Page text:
How to Care for Air Plants

Being that this blog’s name has the word garden in it, I thought it was only fitting to create a post that had to do with plants. Although this isn’t a gardening blog, it is a blog about my favorite things and air plants are definitely on that list. Air plants (also officially known as Tillandsia) are one of those plants that are pretty hard to kill and easy to take care of so they make a great plant for people with a black thumb. Many people shy away from them because they don’t know what to do with them or how to care for them. If you just got an air plant, either bought or gifted, here are some tips for taking care of an air plant.

How to Care for Air Plants

Don’t glue them down to anything if you live in a dry climate– Air plants are a tropical plant and this means they will need a specific watering cycle. Many people buy their air plants carelessly glued to driftwood or rocks and leave them there. Your air plant needs to be watered well if you live in a dry area so gluing them down is not ideal. You can set them in cool looking terrariums, though!

Provide bright or filtered light– Air plants prefer bright or at least filtered light. This means they will almost always do well outdoors, too, especially if they are watered regularly. They can also withstand almost freezing temperatures in most cases. Tillandsia also thrives just fine indoors if placed near a good light source.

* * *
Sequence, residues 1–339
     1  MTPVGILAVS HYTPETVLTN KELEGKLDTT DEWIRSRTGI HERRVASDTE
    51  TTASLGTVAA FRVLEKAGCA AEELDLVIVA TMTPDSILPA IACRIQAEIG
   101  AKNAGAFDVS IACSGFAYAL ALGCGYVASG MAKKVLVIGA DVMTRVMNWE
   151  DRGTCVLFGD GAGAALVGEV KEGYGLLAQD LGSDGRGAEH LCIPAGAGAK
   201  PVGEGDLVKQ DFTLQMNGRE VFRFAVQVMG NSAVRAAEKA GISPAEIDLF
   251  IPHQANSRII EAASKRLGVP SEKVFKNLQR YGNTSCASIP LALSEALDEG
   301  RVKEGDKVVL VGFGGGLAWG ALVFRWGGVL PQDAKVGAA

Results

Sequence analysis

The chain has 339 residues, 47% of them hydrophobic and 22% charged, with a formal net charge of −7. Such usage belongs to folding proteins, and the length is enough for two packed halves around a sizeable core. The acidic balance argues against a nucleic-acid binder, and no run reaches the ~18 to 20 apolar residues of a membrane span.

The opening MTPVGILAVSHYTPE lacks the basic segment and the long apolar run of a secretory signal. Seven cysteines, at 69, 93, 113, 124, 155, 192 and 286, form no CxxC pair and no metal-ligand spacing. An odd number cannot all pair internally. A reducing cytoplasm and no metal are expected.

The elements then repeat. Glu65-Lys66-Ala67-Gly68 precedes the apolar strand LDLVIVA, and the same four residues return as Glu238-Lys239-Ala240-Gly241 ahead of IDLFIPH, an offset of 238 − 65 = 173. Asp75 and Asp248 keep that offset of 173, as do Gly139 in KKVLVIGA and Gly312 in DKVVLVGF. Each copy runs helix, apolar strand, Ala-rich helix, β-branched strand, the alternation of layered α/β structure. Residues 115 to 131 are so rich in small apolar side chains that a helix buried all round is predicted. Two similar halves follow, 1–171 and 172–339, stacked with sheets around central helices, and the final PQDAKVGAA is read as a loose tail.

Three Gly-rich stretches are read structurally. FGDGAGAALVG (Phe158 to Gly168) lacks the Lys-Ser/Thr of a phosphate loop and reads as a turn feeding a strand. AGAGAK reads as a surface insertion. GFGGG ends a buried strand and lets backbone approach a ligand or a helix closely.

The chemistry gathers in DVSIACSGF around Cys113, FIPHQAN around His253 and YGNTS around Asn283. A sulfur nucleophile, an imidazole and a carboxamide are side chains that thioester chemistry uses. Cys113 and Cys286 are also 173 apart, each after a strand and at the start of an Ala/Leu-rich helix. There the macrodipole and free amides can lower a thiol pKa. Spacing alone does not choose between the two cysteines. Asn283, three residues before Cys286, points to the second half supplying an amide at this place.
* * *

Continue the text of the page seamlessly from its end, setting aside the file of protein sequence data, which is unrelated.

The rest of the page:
Different watering may be needed depending on where you live– As mentioned above, you may need to water more often if you live in a dry area. Air plants survive by soaking in the moisture from the air in the tropical area they live in. You can recreate this in a more humid area by simply using a spray bottle to give them a good misting once or twice a week. If you live in a dry area like I do in the high desert, you may need to actually soak them. I take mine and place them in a vase filled with water. I allow them to become completely submerged for 4-6 hours and then I take them out and dry completely upside down before placing them back in their container I keep them in. Whatever you do, make sure to watch for signs of dehydration which is usually shown by the ends of the plant curling up. You can fix this by simply watering an extra time per week.

Make sure to allow them to dry completely between waterings– While they need enough water, you don’t want to allow them to sit and rot either. This is why I dry mine upside down. If you are misting yours, you could move them from their container and allow them to dry between watering as well.

I hope these tips helped you with air plant care! You will be rewarded with a wonderful bloom if you are lucky, in the winter.

 

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